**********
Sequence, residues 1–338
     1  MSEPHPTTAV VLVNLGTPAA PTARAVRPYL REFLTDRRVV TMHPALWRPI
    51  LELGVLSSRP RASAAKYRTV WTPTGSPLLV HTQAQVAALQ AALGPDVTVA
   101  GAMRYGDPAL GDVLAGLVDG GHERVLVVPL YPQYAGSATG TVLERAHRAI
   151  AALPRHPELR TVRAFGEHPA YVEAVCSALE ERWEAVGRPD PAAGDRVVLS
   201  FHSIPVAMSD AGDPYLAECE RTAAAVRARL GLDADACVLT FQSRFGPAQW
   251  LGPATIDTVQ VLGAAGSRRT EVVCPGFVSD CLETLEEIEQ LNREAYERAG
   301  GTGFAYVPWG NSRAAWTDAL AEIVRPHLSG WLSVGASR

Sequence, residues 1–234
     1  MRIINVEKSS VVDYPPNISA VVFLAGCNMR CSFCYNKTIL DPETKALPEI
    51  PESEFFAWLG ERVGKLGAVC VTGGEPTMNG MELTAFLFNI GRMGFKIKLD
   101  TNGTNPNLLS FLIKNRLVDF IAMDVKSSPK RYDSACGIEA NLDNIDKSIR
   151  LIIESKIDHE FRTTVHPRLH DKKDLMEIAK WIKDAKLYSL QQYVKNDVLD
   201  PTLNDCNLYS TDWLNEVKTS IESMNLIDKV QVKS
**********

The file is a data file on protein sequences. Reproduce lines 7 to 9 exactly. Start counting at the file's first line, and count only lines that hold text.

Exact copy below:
   251  LGPATIDTVQ VLGAAGSRRT EVVCPGFVSD CLETLEEIEQ LNREAYERAG
   301  GTGFAYVPWG NSRAAWTDAL AEIVRPHLSG WLSVGASR

Sequence, residues 1–234